Last Updated: March  3, 2021

What is the best water for coffee?

How much should you really care about the quality of the water you use to brew your
coffee? The answer to this question depends on the type of coffee drinker you are.


If you mainly enjoy drinking coffee for the dopamine rush that you get from your caffeine
fix, then you can pretty much use any water to make the coffee.
But if you enjoy experiencing a real explosion of flavour with each cup of coffee, then
the water you use to make it can make a big difference. Read on to find out why:

best water type for coffee

Why is choosing the best water for coffee important?

The water you use will affect your coffee in two main ways.
First of all the pH of the water will affect the flavour of your coffee, for example by making it taste more bitter. And secondly, if you use a coffee machine to make your coffee, the minerals in the water can cause corrosion or limescale build up in your machine. So if the coffee you make is not quite the same as the one you buy from your local coffee shop, the mineral content of the water is probably to blame.

Which minerals are important for coffee?

Two main minerals in water can affect the flavour of your coffee - calcium & magnesium. Both minerals help your coffee get extracted in different ways.
Calcium levels in water should generally be between 17-85 mg/L and magnesium should generally be at about 0-60 mg/L, depending on which recipe you want to follow (Rao/Perger, Barista Hussle etc.). The total dissolved solids (TDS) in your water should be no higher than 150 mg/L but by adjusting levels of calcium and magnesium within this, you can change the way your coffee tastes.
Calcium and magnesium bind to the different elements and compounds in your coffee, which changes the way it tastes. Calcium will give a heavier, rounder, creamier flavour to your drink, while magnesium reacts with compounds like citric acid to produce coffee with a brighter, sweeter flavour.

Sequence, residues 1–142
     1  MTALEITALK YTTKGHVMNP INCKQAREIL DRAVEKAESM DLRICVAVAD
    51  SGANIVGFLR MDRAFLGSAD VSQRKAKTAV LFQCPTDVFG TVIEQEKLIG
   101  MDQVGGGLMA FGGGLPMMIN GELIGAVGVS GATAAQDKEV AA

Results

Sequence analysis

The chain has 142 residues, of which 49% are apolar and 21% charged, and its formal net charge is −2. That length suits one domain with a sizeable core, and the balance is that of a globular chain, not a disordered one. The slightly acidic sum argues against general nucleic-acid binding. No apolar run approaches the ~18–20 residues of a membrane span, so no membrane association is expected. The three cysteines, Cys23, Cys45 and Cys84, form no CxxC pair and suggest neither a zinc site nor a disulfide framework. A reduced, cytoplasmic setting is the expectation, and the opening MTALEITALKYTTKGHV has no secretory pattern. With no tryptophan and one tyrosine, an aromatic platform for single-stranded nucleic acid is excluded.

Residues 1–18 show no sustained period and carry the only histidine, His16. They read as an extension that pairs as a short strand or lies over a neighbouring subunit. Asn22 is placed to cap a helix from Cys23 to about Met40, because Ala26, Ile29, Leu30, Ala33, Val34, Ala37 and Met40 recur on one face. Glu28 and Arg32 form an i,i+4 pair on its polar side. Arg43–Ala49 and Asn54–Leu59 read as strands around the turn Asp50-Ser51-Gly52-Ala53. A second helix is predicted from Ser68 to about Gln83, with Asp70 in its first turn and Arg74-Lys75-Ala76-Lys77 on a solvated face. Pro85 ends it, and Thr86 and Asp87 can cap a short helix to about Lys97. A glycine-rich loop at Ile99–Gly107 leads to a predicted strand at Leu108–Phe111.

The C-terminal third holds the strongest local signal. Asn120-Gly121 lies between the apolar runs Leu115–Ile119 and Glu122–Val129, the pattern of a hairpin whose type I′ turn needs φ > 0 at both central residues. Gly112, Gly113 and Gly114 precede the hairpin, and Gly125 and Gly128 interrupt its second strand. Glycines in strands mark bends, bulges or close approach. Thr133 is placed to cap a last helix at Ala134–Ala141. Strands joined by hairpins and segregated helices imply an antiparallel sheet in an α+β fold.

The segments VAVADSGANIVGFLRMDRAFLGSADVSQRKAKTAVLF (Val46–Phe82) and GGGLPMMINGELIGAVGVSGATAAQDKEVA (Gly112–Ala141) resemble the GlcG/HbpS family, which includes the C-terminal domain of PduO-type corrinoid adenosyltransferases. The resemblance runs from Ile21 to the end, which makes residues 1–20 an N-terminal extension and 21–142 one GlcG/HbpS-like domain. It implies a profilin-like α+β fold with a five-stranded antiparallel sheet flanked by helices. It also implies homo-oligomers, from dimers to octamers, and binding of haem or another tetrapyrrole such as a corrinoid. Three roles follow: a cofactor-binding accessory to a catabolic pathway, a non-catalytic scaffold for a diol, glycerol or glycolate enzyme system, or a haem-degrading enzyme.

And the total alkalinity of the water helps to keep the pH constant (avoids pH change) and act as a buffer. Without this, the magnesium and calcium levels wouldn’t have so much effect on flavour. So now you know a summary of the science behind your coffee’s flavour, let’s take a look at which is the best water for coffee.

Tap Water

tap water for coffee brewing

Using the water that comes straight out of your tap is the easiest option for your morning cup of coffee, but does it make a good cup?
 

Purity - 1/5
The purity of tap water varies depending on your location and water pipes, so we’ve
given it a low score.

 

Mineral content - 3/5
Tap water generally has too much calcium, too little magnesium and is too alkaline to
give a good cup of coffee. But the bigger problem is the inconsistency of mineral levels.
Each cup can have a different mineral composition, so it’s hard to brew the perfect cup
of coffee.

 

Availability - 5/5
Nothing is easier than turning on the tap so this gets a high score from us.

Filtered water (e.g. Brita water jug)

Lots of us have a water filter jug in our fridge, but does filtering water make a better cup of coffee?


Purity - 3/5
The carbon and resin based filters in these jugs are great at removing elements like chlorine, but don’t have much effect on the mineral levels. A few models will take TDS down to zero but don’t remove other impurities.